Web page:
Keto Diet and Bone Health: What Science Actually Says
A recent study from Australia concluded that keto and other low-carb, high-fat diets may negatively impact bone health in athletes and people who exercise for health reasons.
But should you worry?
In this article, you’ll learn about the latest keto bone health study, possible limitations of the study, what other research has to say on the matter, and keto-friendly tips to keep your bones strong and healthy for life.
Starting in 2016, researchers from several different Australian universities and funded by a research grant from Australian Catholic University recruited 32 elite race walkers for a study on the effects of the keto diet in endurance athletes.
First, the researchers allowed the athletes to choose between a high-carb diet (about 70% of calories from carbs) or a very-low-carb, high-fat keto diet (about 30 grams of carbs per day) for the duration of the study.
Then, over three and a half weeks, the athletes performed monitored exercise sessions as part of their training regimen.
Additionally, during this time, the researchers checked the athletes’ blood for some markers associated with bone health:
- Cross-linked C-terminal telopeptide of type I collagen (CTX)
- Procollagen 1 N-terminal propeptide, (P1NP)
- Osteocalcin (OC)
Also, after finishing the initial trial, some of the low-carb, high-fat diet subjects participated in a “restoration” phase, where they ate a high-carb diet so the researchers could detect any additional changes.
So what were the study findings?
The low-carb, high-fat diet increased post-exercise levels of CTX, a marker of bone resorption (bone breakdown into calcium, which is absorbed into the bloodstream), compared to the high-carb diet.
And compared to baseline, the low-carb, high-fat diet also decreased levels of P1NP and OC, markers of bone formation and metabolism.
Unfortunately, elevated CTX levels and decreased P1NP and OC levels are not good signs.
After the restoration phase, post-exercise CTX decreased to normal levels in the low-carb group, but P1NP and OC levels did not increase to normal levels.
As a result of their findings, the researchers who conducted the study wrote that for athletes, keto “may be detrimental to bone mineral density (BMD) and bone strength, with major consequences to health and performance.”
Limitations of the Keto Bone Health Study
Before you worry about your bone health on keto, and before we take a broader look at the existing research on keto and bone health, let’s start by looking at some limitations and potential flaws of the Australian study.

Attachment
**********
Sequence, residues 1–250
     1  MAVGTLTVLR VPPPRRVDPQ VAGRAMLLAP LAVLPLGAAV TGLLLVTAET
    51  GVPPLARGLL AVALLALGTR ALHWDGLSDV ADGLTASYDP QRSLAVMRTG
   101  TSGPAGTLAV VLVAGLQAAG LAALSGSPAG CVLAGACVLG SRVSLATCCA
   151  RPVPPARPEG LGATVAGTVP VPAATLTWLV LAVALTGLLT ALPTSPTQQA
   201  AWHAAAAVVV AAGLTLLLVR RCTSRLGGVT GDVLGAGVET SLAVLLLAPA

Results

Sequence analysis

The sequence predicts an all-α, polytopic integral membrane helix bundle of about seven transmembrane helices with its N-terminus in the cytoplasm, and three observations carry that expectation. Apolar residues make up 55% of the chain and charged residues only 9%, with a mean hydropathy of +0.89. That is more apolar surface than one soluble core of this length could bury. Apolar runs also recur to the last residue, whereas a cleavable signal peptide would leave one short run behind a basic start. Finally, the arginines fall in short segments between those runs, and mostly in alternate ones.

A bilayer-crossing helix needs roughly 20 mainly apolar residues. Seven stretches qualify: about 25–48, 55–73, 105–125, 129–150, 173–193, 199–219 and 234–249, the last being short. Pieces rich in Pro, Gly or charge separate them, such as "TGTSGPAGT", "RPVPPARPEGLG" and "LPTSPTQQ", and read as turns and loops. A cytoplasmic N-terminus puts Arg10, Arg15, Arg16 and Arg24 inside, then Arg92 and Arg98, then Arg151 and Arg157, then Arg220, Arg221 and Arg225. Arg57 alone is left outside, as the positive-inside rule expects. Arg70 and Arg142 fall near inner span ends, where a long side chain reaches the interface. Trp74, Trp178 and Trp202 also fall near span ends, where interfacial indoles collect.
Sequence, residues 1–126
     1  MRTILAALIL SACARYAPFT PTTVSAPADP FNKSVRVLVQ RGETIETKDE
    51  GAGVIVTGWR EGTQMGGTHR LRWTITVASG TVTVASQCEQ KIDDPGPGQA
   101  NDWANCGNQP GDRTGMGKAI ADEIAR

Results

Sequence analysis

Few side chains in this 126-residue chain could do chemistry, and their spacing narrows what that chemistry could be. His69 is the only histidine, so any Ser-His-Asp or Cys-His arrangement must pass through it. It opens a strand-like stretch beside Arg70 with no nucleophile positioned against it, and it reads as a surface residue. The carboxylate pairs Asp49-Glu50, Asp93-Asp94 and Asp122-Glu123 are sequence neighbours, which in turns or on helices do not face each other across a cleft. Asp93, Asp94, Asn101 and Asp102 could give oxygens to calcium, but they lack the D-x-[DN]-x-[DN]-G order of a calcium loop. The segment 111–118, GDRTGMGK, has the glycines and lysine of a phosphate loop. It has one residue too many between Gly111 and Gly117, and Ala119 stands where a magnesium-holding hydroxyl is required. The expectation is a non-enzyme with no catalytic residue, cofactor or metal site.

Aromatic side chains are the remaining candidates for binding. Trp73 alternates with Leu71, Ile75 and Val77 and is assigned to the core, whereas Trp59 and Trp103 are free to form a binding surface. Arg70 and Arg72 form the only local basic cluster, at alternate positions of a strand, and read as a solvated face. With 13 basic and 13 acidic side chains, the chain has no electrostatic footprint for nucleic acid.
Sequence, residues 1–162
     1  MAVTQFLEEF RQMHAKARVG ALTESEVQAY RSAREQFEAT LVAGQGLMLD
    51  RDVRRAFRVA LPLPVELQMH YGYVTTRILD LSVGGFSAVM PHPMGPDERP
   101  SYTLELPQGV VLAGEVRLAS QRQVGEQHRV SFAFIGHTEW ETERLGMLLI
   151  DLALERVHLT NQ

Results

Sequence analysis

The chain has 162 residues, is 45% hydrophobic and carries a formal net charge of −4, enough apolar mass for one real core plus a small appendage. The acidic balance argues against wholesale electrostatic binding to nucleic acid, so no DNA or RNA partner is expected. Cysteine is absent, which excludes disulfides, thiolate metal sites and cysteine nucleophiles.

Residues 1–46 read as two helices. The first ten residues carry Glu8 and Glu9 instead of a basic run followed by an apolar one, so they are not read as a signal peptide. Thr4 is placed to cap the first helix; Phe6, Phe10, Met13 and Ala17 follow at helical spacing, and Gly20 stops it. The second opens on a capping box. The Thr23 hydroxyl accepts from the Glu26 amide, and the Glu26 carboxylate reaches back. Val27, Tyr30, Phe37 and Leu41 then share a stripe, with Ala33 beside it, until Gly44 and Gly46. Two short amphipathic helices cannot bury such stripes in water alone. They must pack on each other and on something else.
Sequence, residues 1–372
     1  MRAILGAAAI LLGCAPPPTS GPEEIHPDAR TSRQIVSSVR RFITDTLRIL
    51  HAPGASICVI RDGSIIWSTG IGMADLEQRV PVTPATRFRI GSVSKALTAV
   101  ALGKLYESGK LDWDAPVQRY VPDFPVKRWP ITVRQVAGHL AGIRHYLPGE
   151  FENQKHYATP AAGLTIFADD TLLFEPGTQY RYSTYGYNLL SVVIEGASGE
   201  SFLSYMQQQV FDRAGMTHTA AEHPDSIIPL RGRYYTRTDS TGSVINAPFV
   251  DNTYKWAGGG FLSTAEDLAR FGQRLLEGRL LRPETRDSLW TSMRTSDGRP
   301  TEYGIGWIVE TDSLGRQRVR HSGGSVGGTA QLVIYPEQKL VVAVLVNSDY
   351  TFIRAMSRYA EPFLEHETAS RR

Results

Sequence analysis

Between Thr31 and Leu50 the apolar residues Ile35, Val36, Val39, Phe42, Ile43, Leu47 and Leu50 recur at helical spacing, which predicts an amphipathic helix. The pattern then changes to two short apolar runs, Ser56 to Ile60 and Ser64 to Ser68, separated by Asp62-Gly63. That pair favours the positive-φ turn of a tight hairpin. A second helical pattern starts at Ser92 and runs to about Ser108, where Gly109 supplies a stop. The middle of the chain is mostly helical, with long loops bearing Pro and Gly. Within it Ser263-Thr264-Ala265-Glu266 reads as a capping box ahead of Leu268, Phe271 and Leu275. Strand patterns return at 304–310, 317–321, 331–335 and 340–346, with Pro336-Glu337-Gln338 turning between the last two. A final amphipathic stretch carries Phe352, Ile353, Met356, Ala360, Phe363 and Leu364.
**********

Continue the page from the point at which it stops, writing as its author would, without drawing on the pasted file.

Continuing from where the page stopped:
Bone Markers, Not Bone Density
First of all, the researchers didn’t examine bone mineral density.
Before anyone can draw any real conclusions about the effects of the keto diet on bone health in endurance athletes, a follow-up study that actually measures bone mineral density changes is mandatory. Full stop.
Is there a possibility that keto makes exercise (which typically boosts bone health) harmful for your bones? Yes, but another possibility is that the changes researchers discovered during the study are not meaningful for long-term bone health.
In other words, the changes in CTX and other bone markers do not prove that keto causes bone loss in endurance athletes.
Length, Sample Size, and Demographics
Second, the study was short, with a small sample size.
Do the differences in bone markers even out over time? Do they become more dramatic? No one knows, because the study was 3.5 weeks, and it only included about thirty people.
And similarly, the bone health study would be more useful if the analysis controlled for age, gender, and other vital factors. While the study manuscript included gender, it didn’t include the age of participants, and it did not stratify results according to gender.
Body Weight and Spontaneous Weight Loss
Finally, although dietitians monitored the athletes in the study, the researchers did not report on changes in body weight.
And some research suggests hypocaloric (low-calorie) diets may increase CTX levels[*][*]. And not only that, but people often lose weight spontaneously by eating less when they go keto–such as in the 2019 keto military study.
Therefore, a possibility exists that the athletes in the low-carb group were undereating, and that insufficient calorie intake was the cause of their elevated CTX levels, as opposed to carb restriction per se.